According to the complaint from Pinellas County Beata died by suicide because of the turmoil that the hospital created.
‘Defendants imprisoned Maya at [Johns Hopkins All Children’s Hospital in St. Petersburg] with no legal justification,’ the lawsuit states.
Throughout the trial the hospital has vehemently denied these allegations and reiterated this defense in closing statements.
‘The evidence that we’ve been able to put on through our defense case has shown that Maya came to us in a horrible condition on a number of dangerous and unnecessary drugs,’ Shapiro, attorney for the hospital said during the trial.
‘We were able to wean her off those drugs and get her to a place where she can be like you see her today, walking in and out of court, going to homecoming and living a more normal teenage life.’
Greg Anderson, the family’s attorney, rebuffed the defense’s narrative that Maya is doing much better.
‘There’s a base level of pain, but when you’re in that much pain at different times it becomes, it’s not as noticeable as a normal person, really,’ Anderson said.
‘You develop a high tolerance for it. CRPS patients always have a little bit of pain, but it does come and go, and this is one of the elusive and frankly frustrating things about the disease.’
Anderson argued that out of the five depositions made by Maya the defense had been picking snippets to portray Maya’s life after hospitalization as ‘normal.’
He pointed out that Maya ‘almost died after one relapse’ and she was sent to Arnold Palmer’s Children’s Hospital in Orlando where she was given a feeding tube because of the significant weight loss she experienced.
‘The fact that they stood up for their rights to treat their own child with the best knowledge they could, with every bit of information they could, and they made the right choices,’ Anderson said.
‘So, the things that happened to them at Johns Hopkins are beyond belief, absolutely beyond belief, but we’ve proved them over and over again.’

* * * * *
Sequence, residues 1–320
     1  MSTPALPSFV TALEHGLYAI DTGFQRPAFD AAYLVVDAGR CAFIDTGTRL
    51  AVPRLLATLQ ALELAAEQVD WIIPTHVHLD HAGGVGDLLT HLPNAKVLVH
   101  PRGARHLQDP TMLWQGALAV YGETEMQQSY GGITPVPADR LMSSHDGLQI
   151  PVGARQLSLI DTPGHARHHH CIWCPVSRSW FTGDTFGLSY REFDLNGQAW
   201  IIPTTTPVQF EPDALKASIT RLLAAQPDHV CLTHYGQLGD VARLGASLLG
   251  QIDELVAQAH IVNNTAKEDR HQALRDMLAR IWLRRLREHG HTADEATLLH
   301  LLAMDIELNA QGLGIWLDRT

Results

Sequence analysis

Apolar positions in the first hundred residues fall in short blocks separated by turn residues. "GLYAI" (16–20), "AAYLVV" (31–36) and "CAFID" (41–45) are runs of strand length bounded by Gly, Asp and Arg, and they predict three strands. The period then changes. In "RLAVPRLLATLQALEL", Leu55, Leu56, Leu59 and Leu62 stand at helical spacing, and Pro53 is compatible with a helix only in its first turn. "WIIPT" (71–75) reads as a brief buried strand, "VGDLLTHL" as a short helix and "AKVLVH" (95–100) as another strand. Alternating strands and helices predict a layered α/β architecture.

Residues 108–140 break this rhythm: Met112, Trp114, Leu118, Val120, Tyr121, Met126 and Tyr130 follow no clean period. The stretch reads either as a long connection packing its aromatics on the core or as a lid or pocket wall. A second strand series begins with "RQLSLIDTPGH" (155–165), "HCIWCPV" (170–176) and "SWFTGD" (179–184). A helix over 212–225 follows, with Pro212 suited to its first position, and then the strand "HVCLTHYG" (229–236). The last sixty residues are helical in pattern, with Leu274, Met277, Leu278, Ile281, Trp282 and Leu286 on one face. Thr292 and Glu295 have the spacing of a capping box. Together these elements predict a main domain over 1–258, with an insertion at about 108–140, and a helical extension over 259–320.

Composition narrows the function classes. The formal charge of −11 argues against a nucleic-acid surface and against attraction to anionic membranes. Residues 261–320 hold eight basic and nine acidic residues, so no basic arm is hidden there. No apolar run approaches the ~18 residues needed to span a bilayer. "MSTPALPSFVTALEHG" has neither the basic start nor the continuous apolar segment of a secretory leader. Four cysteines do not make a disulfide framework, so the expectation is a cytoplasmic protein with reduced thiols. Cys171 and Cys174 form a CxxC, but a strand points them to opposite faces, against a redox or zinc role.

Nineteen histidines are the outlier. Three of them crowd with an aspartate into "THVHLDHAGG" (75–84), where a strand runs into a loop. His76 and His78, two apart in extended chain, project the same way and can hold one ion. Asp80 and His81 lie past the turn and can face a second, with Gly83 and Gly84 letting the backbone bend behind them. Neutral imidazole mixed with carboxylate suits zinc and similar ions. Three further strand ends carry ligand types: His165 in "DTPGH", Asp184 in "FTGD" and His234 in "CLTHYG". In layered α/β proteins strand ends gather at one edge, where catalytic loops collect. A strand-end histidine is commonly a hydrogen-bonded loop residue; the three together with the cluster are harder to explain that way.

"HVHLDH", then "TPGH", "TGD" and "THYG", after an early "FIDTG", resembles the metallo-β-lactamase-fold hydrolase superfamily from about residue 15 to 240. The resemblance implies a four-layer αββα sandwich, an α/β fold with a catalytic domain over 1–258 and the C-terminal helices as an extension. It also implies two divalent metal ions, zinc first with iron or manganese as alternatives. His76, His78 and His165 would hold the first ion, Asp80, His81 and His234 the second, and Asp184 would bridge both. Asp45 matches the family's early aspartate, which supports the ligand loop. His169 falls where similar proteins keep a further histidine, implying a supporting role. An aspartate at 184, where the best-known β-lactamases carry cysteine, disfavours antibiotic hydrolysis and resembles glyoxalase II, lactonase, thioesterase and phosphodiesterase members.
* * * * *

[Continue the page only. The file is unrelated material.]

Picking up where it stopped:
Maya was removed from her parents’ care after hospital staff became suspicious of the dosage of ketamine her mother insisted on treating her with for the excruciating chronic pain.
Florida‘s Department of Children and Families and a state judge supported hospital staff’s suspicions of ‘child medical abuse’ and placed Maya under Florida’s Department of Children and Families’ custody and she was housed at the center.
AndersonGlenn LLP, who launched the lawsuit on behalf of the Kowalski family, confirmed the family is seeking $55 million in compensatory and $165 million in punitive damages.
The hospital’s defense centered on staff as mandatory reporters who are required by state law to call the abuse hotline if they have ‘reasonable cause.’
Shapiro previously stated that the decision to remove Maya was made by the child welfare system rather than the medical facility.
The hospital released a statement to DailyMail.com which read: ‘Our priority at Johns Hopkins All Children’s Hospital is always the safety and privacy of our patients and their families.
‘Therefore, we follow strict federal privacy laws that limit the amount of information we can release regarding any particular case.
‘Our first responsibility is always to the child brought to us for care. Our staff are required by law to notify Florida’s Department of Children and Families (DCF) if they suspect abuse or neglect.
‘It is DCF and a judge – not Johns Hopkins All Children’s Hospital – that investigates the situation and makes the ultimate decision about what course of action is in the best interest of the child.
‘We are determined to prevent any chilling effect on the obligation to report suspected child abuse in order to protect the most vulnerable among us.’
Judge Hunter Carroll has dismissed the jury to deliberate.